MERA25 is on the ballot in the Bremen state elections on May 14, 2023, which prompted ‘Wolf’, a former US Marine Data Analyst, to go to Bremen on April 15-16 to support the campaign and meet the candidates. This is his report:
I got to Bremen around midday on Saturday, and met up with the campaign team at their office. From there we proceeded through the city centre leafleting and hanging up posters and stickers along the way. On our way, we encountered Omas Gegen Rechts (Grandmas Against the Right), the leader of which is a friend of our candidate Jan Genin, and stopped to exchange some words of solidarity, and take some pictures.
We made it to the city centre, and proceeded with our first action, the ‘Activist Circle’. We split in half, one team holding laptops playing scenes of climate destruction, the other leafleting and engaging passersby who stop to look at the videos. I held a laptop for about an hour and a half across two locations. Plenty of people were drawn in out of curiosity due to the small screens and low brightness, which was a great chance for the leafleters to engage them.
After two hours, we ceased the Activist Circle, and split into groups hanging posters and leafleting for the next two hours. We then reconvened at our office, to debrief and prepare for our next action, the ‘Green Projection’. This action involved projecting a dire message of sea level rise on the Green Party Headquarters, using a high power projector. We gathered our gear, and set off for the Green Party HQ. Once the sun set, we got to work, and yielded great results. The picture shows a static line of text, however this was just for the photo op, the text normally scrolled with the message “This will be the waterline in 100 years without radical climate action” in German.
After an hour of projecting, we packed up our gear and made our way back to the office, hanging up posters and stickers along the way. I was impressed throughout my time in Bremen just how well the Bremen collective did in covering the key districts in promotion, our propaganda outnumbered that of some major parties, and was very hard to miss, with our distinct brand and colouring. It was also notable that as we walked, people recognised us, our party, and our candidate, and would often react positively and with interest to solicitation. Back at the office we debriefed, and finally really got a chance to sit down and talk to one another over some beers. I was enthused at the energy and commitment of the Bremen collective, and also the DiEMers who came all the way from the Netherlands and Belgium for the weekend to help out. The atmosphere was lively, positive, and welcoming, and we had a great time chatting and getting to know one another well into the evening. Shortly before midnight we dispersed to get some sleep before Day 2 – morale was high.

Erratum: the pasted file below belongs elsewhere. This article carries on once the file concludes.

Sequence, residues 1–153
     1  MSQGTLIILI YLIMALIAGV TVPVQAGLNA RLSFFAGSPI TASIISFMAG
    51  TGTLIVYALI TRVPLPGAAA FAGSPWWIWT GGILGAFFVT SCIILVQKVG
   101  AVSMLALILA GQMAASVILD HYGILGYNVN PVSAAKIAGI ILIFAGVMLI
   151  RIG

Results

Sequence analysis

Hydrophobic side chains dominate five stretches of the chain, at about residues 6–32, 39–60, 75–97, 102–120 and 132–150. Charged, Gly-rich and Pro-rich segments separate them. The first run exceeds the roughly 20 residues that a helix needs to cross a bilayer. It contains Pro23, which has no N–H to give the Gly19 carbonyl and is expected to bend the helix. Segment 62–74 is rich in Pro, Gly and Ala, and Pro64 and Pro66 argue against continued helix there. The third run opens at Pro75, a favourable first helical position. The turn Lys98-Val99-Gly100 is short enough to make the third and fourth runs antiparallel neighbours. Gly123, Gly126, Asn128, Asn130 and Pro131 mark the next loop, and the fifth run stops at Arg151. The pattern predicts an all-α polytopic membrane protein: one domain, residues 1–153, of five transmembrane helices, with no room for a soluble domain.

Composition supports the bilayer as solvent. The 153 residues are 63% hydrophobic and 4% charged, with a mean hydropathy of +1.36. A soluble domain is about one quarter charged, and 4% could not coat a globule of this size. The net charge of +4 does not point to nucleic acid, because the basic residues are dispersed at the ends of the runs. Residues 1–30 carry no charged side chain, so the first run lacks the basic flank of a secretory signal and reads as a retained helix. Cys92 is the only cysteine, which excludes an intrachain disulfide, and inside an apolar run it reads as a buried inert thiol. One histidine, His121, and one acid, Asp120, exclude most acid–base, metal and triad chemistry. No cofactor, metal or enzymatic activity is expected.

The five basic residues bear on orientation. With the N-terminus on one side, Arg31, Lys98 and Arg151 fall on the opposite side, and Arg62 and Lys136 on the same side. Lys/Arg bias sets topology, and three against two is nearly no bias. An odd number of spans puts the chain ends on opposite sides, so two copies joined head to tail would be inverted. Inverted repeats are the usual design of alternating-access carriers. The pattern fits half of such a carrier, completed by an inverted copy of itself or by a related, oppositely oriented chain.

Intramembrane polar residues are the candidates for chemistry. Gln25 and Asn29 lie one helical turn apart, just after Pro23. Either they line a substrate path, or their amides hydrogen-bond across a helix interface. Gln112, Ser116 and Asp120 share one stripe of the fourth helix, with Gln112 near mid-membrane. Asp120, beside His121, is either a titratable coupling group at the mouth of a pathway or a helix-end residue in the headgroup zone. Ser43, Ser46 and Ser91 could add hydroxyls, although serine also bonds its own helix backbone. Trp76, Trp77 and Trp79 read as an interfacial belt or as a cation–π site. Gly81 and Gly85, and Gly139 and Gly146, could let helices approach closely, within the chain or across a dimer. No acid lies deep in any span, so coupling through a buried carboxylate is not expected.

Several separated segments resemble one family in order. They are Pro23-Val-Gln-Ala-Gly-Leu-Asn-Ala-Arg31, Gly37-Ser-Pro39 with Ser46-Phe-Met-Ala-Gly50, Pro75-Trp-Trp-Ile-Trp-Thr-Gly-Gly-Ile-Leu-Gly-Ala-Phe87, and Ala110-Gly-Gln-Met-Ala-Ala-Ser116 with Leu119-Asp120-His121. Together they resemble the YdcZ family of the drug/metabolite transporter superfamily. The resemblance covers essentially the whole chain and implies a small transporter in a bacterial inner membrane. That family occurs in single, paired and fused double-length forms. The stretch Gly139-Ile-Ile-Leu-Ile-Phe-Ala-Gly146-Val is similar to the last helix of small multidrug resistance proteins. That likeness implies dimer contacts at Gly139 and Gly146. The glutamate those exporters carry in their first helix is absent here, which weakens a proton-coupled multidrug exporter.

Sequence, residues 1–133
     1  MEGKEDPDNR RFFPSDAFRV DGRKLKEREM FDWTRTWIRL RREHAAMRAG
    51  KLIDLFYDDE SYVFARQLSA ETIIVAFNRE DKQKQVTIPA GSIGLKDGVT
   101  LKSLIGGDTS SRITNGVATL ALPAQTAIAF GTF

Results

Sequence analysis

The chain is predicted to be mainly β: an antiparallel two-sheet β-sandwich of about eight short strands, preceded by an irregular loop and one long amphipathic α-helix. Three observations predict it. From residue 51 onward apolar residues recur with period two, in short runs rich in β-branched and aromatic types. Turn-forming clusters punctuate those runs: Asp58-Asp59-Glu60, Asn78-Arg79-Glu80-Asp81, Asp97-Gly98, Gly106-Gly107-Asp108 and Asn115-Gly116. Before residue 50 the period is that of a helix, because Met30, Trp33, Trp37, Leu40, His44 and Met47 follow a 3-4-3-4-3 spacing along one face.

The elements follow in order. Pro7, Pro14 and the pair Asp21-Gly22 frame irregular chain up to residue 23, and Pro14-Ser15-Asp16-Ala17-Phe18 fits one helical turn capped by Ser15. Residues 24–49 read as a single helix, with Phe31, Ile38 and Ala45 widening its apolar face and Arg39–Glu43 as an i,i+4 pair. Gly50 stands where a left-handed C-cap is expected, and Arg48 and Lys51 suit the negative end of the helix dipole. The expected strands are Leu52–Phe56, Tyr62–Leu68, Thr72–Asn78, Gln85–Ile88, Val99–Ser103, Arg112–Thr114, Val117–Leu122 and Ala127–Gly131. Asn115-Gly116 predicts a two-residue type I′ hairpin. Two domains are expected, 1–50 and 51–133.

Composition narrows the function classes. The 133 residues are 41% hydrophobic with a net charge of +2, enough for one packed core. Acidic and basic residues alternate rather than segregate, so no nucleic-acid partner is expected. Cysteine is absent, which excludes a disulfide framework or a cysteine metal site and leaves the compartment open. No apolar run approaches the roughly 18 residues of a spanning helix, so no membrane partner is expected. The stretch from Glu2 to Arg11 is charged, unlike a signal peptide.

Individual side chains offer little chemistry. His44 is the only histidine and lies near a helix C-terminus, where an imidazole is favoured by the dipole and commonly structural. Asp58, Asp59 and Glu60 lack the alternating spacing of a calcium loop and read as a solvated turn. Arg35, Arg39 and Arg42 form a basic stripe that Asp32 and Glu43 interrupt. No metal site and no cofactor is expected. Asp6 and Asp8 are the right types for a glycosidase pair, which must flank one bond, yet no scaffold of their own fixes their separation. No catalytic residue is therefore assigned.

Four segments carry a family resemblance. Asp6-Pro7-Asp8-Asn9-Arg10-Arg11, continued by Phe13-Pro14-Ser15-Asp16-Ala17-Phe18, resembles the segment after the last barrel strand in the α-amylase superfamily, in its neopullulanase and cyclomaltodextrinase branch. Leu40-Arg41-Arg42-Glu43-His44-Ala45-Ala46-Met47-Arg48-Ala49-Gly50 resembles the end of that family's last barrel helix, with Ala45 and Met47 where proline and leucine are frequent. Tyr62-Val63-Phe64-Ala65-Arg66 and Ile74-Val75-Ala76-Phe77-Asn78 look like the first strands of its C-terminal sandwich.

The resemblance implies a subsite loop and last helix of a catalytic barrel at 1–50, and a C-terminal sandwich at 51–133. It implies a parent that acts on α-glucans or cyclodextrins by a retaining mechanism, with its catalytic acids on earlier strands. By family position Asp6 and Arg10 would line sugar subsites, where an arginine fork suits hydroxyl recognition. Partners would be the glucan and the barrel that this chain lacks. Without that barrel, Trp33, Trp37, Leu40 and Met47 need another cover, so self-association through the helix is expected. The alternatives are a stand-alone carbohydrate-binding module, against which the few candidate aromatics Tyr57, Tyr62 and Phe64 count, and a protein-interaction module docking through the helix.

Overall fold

I began Day 2 by arriving to the office early, and meeting up with one of the candidates to spend an hour in the morning hanging up posters by the waterfront in preparation for our action.
From there we headed back to the office to regroup with the collective, and prepare our afternoon action. First, we headed to the parliament building in the city centre, where we promoted MERA25 with a message of climate urgency by holding up banners and leafleting.
From there we headed back to the office to have a bite to eat and plan our next move. Sunday, April 16 was the day of a soccer game between Bremen and Freiberg played at the Weserstadion, and Bremenites often walk to the stadium along the waterfront. Our plan was to head down to the waterfront with leaflets and banners, and be visible to locals on their way to the match. We grabbed our gear and headed out. We found a nice well-trafficked spot among the posters we’d hung up earlier, and got to work.
A number of us had to go at this point, with work the next day, so this marked the final action of our action weekend. Instead of immediately going our separate ways, we had a last beer together and recapped the weekend. The Bremen collective of DiEM25 is a great bunch of people, who are really hustling to make a difference this election. I felt welcomed, as I believe did the others who traveled some distance to support the campaign. I was overall really impressed with what I saw, and it’s not at all unreasonable for MERA25 to at least hit its conservative target. With less than a month before the election as of the writing of this post, if you can make it up to Bremen to support the campaign, it is absolutely worth doing so. If you are not a DiEMer and are interested in finding out more, take a look at the DiEM25 website, and if you’d like to find out when the next action weekend is or how you can contribute, ask your local DiEM collective administrator, or check out DiEM25 or MERA25 Bremen social media channels.
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